BRETT FAVRE

Favre Repays $600K in Mississippi Welfare Case, Auditor Says, But They Want More

In a Facebook post when he repaid the first $500,000, Favre said he didn’t know the money he received came from welfare funds

Pro Football Hall of Fame 2016 inductee Brett Favre talks to reporters Friday, Aug. 5, 2016, in Canton, Ohio.
AP Photo/Gene J. Puskar

Retired NFL player Brett Favre has repaid $600,000 in state welfare money he accepted for speeches where he didn't appear, but the state attorney general could sue Favre if he doesn’t pay interest owed on the amount, the Mississippi auditor said Wednesday.

Auditor Shad White said Favre paid the $600,000 to the auditor’s office this week. White sent the former Green Bay Packers quarterback a letter Oct. 12 demanding $828,000, which was the $600,000 plus $228,000 in interest.

Of the $228,000, White said: "If he does not pay that within 30 days of our demand, the AG will be responsible for enforcing the payment of the interest in court."

Favre is not facing criminal charges, but former Mississippi Department of Human Services director John Davis and other people have been charged in one of the state’s largest embezzlement cases. Allegations of misspending came to light in early 2020 when Davis and five others were indicted.

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White said in May 2020 that Favre, who lives in Mississippi, had repaid $500,000 of the $1.1 million in welfare money he received for multiple no-show speeches. Favre was paid by Mississippi Community Education Center, a nonprofit group whose former leader is among those awaiting trial.

In a Facebook post when he repaid the first $500,000, Favre said he didn’t know the money he received came from welfare funds. He also said his charity had provided millions of dollars to poor children in Mississippi and Wisconsin.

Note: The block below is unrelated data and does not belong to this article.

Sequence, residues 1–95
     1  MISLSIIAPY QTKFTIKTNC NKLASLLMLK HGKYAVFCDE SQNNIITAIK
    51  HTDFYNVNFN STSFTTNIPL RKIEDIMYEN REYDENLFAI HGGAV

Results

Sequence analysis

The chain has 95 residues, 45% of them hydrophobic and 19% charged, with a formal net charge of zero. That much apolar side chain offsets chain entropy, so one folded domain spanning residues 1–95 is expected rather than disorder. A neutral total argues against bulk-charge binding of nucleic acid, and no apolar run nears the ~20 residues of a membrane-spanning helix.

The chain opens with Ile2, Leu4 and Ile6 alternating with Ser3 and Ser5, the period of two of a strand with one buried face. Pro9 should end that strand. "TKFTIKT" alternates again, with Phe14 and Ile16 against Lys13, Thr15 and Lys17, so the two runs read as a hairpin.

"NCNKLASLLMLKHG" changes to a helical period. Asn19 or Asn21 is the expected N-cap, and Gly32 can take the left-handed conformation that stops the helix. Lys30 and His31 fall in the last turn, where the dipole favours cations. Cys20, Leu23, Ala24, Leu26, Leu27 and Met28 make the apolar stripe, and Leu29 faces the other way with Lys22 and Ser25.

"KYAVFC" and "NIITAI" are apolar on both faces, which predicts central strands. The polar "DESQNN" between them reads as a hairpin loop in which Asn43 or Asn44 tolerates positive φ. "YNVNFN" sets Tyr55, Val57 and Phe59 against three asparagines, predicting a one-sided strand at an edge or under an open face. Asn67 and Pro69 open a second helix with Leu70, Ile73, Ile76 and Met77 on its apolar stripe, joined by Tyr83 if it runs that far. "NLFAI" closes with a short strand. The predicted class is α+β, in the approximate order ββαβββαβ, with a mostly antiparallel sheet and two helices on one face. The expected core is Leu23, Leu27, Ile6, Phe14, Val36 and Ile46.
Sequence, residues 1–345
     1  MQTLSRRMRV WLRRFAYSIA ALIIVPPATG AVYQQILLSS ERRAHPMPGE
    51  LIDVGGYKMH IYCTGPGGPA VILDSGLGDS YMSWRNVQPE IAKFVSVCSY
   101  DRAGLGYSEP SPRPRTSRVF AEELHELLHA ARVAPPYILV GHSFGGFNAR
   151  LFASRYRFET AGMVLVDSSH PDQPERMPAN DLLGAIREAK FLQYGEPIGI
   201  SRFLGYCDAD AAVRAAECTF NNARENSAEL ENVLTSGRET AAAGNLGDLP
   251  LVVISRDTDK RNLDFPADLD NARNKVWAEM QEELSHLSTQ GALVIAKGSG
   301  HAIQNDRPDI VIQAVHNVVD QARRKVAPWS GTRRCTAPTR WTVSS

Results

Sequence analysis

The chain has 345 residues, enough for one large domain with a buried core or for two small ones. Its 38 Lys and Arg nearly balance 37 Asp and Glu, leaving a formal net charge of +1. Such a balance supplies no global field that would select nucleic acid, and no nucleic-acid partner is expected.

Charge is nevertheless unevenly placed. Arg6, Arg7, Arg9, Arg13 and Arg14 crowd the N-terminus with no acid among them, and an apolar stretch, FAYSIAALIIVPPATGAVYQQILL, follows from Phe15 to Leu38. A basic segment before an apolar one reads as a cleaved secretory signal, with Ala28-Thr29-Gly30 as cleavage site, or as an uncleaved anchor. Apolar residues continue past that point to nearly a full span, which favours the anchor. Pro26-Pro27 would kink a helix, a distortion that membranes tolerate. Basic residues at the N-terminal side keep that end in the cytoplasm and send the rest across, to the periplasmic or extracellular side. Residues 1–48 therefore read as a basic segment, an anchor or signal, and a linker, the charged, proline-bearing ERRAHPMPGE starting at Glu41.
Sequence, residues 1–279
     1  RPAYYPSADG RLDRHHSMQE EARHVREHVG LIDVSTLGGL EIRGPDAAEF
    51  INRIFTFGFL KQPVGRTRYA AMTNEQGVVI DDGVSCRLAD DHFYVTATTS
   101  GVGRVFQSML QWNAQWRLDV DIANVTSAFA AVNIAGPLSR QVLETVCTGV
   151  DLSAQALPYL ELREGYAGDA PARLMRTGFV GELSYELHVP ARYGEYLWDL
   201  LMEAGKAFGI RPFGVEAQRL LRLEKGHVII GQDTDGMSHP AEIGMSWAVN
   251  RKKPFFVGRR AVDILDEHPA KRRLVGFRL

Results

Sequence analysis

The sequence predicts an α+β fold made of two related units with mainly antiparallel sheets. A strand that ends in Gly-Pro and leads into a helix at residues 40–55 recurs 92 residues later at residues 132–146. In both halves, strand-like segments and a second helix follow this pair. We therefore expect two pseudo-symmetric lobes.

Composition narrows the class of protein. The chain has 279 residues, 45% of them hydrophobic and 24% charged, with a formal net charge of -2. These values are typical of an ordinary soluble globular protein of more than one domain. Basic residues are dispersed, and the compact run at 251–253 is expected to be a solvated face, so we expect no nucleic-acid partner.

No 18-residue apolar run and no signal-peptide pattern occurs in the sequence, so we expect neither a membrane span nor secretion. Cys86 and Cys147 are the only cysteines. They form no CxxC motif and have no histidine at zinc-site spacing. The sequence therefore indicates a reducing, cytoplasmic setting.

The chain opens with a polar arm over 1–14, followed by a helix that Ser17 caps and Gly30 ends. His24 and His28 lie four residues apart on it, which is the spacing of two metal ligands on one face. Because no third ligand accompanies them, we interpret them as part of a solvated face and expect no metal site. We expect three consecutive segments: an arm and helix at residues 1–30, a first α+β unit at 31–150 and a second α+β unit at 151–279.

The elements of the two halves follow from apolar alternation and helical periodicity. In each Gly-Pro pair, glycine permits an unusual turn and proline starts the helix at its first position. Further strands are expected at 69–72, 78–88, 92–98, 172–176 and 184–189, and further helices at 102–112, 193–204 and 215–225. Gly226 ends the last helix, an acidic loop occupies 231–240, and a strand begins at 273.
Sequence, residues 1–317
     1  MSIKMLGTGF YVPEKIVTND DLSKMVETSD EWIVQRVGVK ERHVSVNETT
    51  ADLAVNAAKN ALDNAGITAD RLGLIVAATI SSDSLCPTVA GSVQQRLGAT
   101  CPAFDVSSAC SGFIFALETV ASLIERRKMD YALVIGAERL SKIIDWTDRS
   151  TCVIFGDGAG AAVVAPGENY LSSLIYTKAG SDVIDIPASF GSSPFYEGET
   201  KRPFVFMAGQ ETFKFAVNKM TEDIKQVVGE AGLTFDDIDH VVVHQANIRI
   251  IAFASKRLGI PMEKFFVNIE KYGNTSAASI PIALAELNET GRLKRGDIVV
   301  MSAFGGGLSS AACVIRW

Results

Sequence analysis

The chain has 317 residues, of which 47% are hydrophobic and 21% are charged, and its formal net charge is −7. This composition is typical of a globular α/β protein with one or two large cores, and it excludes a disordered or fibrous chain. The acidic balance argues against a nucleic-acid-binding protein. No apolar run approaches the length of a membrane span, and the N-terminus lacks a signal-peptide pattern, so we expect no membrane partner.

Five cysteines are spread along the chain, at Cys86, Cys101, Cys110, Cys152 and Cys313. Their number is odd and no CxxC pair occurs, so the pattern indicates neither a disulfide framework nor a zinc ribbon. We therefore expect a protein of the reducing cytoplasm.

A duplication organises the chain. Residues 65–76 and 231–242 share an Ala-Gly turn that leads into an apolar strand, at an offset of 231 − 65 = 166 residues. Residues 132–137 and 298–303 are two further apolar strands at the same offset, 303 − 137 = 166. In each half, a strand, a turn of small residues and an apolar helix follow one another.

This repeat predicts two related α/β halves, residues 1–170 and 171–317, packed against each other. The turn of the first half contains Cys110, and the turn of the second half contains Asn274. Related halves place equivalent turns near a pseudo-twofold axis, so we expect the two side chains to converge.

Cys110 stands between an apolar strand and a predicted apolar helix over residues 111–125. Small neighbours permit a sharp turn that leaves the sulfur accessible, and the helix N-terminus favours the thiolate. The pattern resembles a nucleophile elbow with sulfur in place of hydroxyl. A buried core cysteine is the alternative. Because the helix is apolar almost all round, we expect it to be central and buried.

White on Oct. 12 demanded that several people and organizations repay $77 million in misspent welfare money intended to help people in one of the poorest states in the nation. With interest, the demand jumped to $96 million. That included money sought from Favre.

White issued the demands about two weeks after a Maryland-based CPA firm issued an independent report about how the Mississippi Department of Human Services spent federal money from 2016 through 2019 through Temporary Assistance to Needy Families. The report found nearly $41 million in “questioned costs” for items including travel and programs to support college athletes.

White demanded the whole $96 million from Davis and most of it from Mississippi Community Education Center and another nonprofit organization, Family Resource Center. Davis left the Department of Human Services in July 2019.

Those indicted along with Davis were former professional wrestler Brett DiBiase; former Department of Human Services employee Latimer Smith; Nancy New, who has been the director of Mississippi Community Education Center and New Learning Resources; her son Zach New, who has been assistant executive director of the education center; and Anne McGrew, an accountant for the education center.

DiBiase pleaded guilty in December to one count of making a false statement. He said in court documents that he had submitted documents and received full payment for work he did not complete. He agreed to pay $48,000 in restitution, and his sentencing was deferred.

McGrew pleaded guilty on Oct. 11 to one charge of conspiracy to commit embezzlement for her role in the case. She awaits sentencing and has agreed to testify against others.

Davis, Smith, Nancy New and Zach New have all pleaded not guilty and await trial in state court.

Nancy New and Zach New also have been indicted on federal charges, have pleaded not guilty and await trial.

Mississippi Community Education Center, operating as Families First for Mississippi, received more than $44 million in government grants from mid-2014 to mid-2018, according to nonprofit tax filings. Amounts spiked to $12.9 million and $26.7 million in the final two years, as Davis outsourced a large portion of Mississippi’s Temporary Assistance to Needy Families spending to the group.

Copyright AP - Associated Press
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